The Edward F. Albee Foundation

BarnSketchWebLocation: Montauk, New York

Mission: The Edward F. Albee Foundation exists to serve writers and visual artists from all walks of life, by providing time and space in which to work without disturbance.

Using only talent and need as the criteria for selection, the Foundation invites any and all artists to apply.

Founded in 1967 by Edward Albee, after proceeds from his play Who’s Afraid of Virginia Woolf? proved abundant, the Foundation had maintained the William Flanagan Memorial Creative Persons Center (better known as “The Barn”) in Montauk, on Long Island in New York, as a residence for writers and visual artists.

The Center is open from mid-May to mid-October and can accommodate comfortably up to five persons at a time. Residencies are for both 4 and 6 week periods of time. The standards for admission are, simply, talent and need.

Cost: We wouldn’t dream of asking creative people for money to spend time at what is ostensibly meant to help them get their own careers moving forward at a time when they likely can’t afford to pay any extra fees for anything at all.

Application Fee: Free

Number of Artists: 2 visual artists and 3 writers at a time

Accommodations: Located approximately two miles from the center of Montauk and the Atlantic Ocean, “The Barn” rests in a secluded knoll which offers privacy and a peaceful atmosphere. The Foundation expects all those accepted for residence to work seriously and to conduct themselves in such a manner as to aid fellow residents in their endeavors. Writers are offered a room; visual artists are offered a room and studio space. Residents are responsible for their food, travel, and other expenses. The environment is simple and communal. Residents are expected to do their share in maintaining the condition of “The Barn” as well as its peaceful environment.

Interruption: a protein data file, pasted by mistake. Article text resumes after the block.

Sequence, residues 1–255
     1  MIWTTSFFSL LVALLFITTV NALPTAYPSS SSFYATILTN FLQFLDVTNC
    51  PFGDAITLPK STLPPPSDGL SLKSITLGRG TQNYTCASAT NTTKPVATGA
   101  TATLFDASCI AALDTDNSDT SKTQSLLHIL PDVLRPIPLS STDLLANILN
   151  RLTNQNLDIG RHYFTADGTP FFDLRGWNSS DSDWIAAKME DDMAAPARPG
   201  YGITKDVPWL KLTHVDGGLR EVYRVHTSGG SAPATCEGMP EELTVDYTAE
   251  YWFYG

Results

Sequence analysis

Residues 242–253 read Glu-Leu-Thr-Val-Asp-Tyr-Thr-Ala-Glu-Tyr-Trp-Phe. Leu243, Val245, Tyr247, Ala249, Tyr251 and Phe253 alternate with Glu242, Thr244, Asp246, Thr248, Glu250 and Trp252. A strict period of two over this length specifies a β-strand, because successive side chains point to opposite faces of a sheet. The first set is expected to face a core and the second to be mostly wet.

Ground Floor: You go in through the main doors; there is a kitchen on the left, and a small dining room / study on the right. Further in you have the laundry room on the left, and a writer’s bedroom on the right (this is the only bedroom on the ground floor). Then there is a bathroom again on the left and a staircase leading to the upper floor on the right. Straight ahead there is a door leading to the two large artists studios.

Studios: The studios are roughly the same size, and they differ only in that one of them abuts the rest of the Barn, while the other leads directly to the outside and has huge barn doors that can be slid open to get fresh air and a good deal of sunlight. Because only the front of the Barn has an upper floor, the studios have two floors worth of open vertical space.

Upper Floor: Once you get upstairs you walk into the commons area. There is a bathroom straight ahead. On the left is a hallway with the bulk of the bedrooms (which are quite close to each other and don’t afford a great deal of privacy, noise-wise). Here you have two artists’ bedrooms and two writers’ bedrooms.

While the Barn does have a fully equipped kitchen with two refrigerators, lots of pots, pans and skillets, plates, glasses, and silverware, a rather unusual looking but totally functional ice cream maker, spices, coffee and a working sink, it is up to the Fellows to stock their own food.

Length of Stay: 4 to 6 weeks, Mid-May through October

Demographic: International and National, emerging to established

Medium: Visual Art, Play Writing, Fiction, and Poetry

Benefits: The Barn hosts an annual summer residency program designed to offer space to five creative persons for four and six week periods between the middle of May and the middle of October. Writers receive a large bedroom equipped with a desk, bed and dresser; visual artists receive a slightly smaller room (with a bed and dresser) and a rather large studio space (forty foot ceilings).

Deadline: 2014 deadline is March 1



Write a Review

Fill in your details below or click an icon to log in: Logo

You are commenting using your account. Log Out /  Change )

Facebook photo

You are commenting using your Facebook account. Log Out /  Change )

Connecting to %s